Sunday, March 22nd, 2009...8:27 pm

What Might America’s Fathers Say Now?

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Imagine that the ideals and assumptions of the Founding Fathers could somehow take bodily form and visit America. How might this entity feel seeing the Republic collapsing from greed-driven special interest politics?

I doubt the entity would be shocked. After all, the Founding Fathers had anticipated (and tried to prevent) just such a thing. However, what would be shocking is that those responsible for the collapse are leading members of the upper class. And as the shock subsides, the entity would feel betrayed. The Founding Fathers had assumed a privileged and powerful upper class would be a bulwark against the corruption of the state, not the agents and emissaries of it.

The influence on the Founding Fathers of the 17th century British philosopher, John Locke, is well known. Less known is the influence of the 18th century French philosopher, Baron Montesquieu. In the Spirit of the Laws Montesquieu had written that each type of government—Tyranny, Aristocracy, or Republic—had a corresponding “spirit” that goes along with it—fear, honor, or virtue. In order for a government to be successful, therefore, there had to be a match between the “spirit” of the laws and the “spirit” of the people. Thus, in order for Tyranny to work, the people would have to live in “fear.” In order for Aristocracy to work, the people would have to live in “honor.” And in order for a Republic to work, the people would have to live in—“virtue.”

Today we think of “virtue” as a rare and especially praiseworthy personal accomplishment. To the Founding Fathers, however, “virtue” was not rare but necessary, the lifeblood and essential ingredient of a nation of laws. In this they were influenced by Montesquieu, who defined “virtue” as the ability to put aside private interests and act selflessly on behalf of the common good. The Founding Fathers knew every Republic in history had fallen from a lack of “virtue.” Specifically, those lacking “virtue” would gain access to the machinery of government, diverting it from its proper use as an instrument of the common good to use it instead as a tool of special interests.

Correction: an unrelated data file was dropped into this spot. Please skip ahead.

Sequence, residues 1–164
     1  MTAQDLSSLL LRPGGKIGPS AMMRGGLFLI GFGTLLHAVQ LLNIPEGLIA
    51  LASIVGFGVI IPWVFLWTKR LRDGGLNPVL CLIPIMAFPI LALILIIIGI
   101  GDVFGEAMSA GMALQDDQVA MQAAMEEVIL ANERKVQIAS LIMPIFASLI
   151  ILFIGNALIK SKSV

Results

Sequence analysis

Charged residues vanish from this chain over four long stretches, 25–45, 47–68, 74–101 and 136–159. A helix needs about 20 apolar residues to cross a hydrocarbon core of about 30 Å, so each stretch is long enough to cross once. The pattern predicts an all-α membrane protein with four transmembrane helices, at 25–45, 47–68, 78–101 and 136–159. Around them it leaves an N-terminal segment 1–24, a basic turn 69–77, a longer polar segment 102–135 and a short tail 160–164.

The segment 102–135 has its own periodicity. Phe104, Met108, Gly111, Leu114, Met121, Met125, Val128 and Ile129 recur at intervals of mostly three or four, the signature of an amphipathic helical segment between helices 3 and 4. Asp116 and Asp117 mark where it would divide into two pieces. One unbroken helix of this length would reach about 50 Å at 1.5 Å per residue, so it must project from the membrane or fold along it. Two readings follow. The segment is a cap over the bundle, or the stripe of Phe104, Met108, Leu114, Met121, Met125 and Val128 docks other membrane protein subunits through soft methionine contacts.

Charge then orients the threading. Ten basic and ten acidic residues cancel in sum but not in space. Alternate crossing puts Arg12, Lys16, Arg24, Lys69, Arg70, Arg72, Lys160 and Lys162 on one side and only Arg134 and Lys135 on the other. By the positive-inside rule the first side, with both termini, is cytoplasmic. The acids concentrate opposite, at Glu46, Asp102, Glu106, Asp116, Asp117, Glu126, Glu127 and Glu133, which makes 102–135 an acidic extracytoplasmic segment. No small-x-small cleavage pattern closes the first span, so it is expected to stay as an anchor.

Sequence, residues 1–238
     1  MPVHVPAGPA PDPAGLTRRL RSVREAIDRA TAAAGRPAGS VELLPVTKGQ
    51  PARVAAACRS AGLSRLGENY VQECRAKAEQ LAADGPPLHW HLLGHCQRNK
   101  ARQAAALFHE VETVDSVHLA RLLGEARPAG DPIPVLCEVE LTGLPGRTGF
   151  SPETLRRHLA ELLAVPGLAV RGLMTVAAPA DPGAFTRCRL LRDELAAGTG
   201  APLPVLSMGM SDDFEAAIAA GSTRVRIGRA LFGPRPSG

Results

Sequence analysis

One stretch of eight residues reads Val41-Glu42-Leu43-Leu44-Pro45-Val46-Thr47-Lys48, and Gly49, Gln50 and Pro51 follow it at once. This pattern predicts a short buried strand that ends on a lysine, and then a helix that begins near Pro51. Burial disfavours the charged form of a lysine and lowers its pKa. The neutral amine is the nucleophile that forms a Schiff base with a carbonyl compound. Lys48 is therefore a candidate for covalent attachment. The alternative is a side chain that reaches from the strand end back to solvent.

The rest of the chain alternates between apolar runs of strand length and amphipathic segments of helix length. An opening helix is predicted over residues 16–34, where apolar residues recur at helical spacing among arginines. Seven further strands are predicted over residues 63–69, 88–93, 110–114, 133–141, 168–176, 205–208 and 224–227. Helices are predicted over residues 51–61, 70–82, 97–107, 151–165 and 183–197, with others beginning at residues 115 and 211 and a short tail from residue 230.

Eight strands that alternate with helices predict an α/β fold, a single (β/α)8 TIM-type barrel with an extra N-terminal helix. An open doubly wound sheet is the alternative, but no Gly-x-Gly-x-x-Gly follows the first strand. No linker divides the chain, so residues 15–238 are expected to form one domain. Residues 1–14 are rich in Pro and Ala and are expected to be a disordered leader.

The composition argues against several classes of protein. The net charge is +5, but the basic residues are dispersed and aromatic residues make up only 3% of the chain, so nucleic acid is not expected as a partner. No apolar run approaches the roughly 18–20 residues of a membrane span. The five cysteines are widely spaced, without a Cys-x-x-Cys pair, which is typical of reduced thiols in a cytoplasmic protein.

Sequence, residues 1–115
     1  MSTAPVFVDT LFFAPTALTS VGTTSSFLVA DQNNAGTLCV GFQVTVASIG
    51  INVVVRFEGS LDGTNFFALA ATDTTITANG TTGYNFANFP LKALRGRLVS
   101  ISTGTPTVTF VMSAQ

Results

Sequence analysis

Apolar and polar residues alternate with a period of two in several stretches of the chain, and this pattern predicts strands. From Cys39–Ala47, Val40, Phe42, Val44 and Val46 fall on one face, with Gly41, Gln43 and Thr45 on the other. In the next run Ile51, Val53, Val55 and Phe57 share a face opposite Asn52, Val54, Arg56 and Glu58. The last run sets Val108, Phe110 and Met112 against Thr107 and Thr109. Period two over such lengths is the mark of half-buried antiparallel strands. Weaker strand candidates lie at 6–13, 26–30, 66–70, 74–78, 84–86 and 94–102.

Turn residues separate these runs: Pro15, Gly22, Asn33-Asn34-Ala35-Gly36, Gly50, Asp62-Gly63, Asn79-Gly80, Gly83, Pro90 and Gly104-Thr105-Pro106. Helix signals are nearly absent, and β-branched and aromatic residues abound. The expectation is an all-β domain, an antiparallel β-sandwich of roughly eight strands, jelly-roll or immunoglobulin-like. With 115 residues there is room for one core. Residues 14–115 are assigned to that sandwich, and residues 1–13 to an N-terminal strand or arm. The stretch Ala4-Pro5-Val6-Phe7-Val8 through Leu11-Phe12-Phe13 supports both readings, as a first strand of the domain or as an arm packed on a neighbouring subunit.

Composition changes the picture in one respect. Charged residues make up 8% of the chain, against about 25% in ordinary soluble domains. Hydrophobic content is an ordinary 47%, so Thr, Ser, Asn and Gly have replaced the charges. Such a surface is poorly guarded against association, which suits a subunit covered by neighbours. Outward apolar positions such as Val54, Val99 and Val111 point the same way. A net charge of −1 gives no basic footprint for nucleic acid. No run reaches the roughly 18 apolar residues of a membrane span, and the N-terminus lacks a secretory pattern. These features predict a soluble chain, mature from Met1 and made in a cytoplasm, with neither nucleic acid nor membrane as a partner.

Of course, the ideal situation would be to have only people with “virtue” to be in control of the levers of government. But where are these people found? Are they distributed randomly through the population, as Plato thought…or are they clustered in one social class, as was assumed in the Aristocratic social systems of the old world? It was precisely on this point that the Founding Fathers stumbled, failing to rise above the class-based prejudices of their day. As property-owning gentlemen of the upper class, they took it for granted that the only class of people that could be trusted to be consistently “virtuous” in high office would be property-owning gentlemen such as themselves. And they took the obverse for granted as well—that those historically lacking property and great wealth could NOT be trusted to be consistently “virtuous” in high office. In the political lexicon of their day, allowing people without wealth to exercise power directly was sneeringly referred to as “mob rule.”

As they crafted the Constitution, therefore, it seemed prudent to the Founding Fathers to entrust the actual power of governing to property-owning gentlemen while excluding the mass of ordinary citizens from the direct exercise of power. Accordingly, they created the new American nation as a Constitutional Republic and not as a Democracy. The difference is that where citizens in a Democracy set policy and make laws by means of direct voting, citizens in a Constitutional Republic lack direct power and vote only to select representatives to set policy and make laws. And as a last-gap protection from “mob-rule,” they created the Electoral College, establishing that citizens would not vote for the President directly but only for suitable “electors” who, later and behind closed doors, would actually select the next President.

Be that as it may, the worse has happened: people without “virtue”—albeit our upper class—now control the levers of power. Our situation is dire, and each day brings more bad news and less reason to hope. Given this, what can ordinary Americans now do to protect ourselves and our nation from the continuing predations of our upper class?